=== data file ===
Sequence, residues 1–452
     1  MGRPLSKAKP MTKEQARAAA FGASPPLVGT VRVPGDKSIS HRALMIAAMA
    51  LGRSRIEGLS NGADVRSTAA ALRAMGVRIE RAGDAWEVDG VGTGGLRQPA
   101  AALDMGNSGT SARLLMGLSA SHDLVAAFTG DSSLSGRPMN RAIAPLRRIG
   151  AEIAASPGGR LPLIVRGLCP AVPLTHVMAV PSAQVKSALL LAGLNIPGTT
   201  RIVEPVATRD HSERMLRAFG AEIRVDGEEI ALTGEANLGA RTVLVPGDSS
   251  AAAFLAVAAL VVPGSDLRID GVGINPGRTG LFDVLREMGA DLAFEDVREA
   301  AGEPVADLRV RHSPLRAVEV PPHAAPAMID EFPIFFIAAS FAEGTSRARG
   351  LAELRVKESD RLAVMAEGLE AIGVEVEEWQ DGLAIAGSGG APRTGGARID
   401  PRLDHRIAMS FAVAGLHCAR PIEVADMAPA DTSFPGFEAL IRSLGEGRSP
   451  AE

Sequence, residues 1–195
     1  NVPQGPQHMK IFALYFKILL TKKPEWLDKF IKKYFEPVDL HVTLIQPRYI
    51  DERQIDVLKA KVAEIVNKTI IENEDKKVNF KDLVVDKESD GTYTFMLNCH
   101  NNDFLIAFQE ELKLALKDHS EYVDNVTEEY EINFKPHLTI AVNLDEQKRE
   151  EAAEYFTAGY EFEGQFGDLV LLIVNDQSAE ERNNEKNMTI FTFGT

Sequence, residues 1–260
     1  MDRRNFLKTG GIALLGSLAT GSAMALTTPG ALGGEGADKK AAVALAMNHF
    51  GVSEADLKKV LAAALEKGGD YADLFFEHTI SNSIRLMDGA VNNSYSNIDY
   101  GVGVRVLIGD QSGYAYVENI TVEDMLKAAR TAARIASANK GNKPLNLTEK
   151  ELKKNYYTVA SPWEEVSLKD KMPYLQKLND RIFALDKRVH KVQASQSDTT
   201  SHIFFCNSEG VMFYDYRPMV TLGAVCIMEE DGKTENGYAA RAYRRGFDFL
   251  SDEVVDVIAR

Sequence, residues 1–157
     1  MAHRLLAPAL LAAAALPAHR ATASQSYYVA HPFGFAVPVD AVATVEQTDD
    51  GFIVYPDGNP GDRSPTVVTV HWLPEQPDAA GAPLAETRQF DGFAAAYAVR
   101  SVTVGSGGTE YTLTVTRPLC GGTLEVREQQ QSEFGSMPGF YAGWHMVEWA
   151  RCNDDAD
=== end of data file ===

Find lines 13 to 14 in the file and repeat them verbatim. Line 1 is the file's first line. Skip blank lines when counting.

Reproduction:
     1  NVPQGPQHMK IFALYFKILL TKKPEWLDKF IKKYFEPVDL HVTLIQPRYI
    51  DERQIDVLKA KVAEIVNKTI IENEDKKVNF KDLVVDKESD GTYTFMLNCH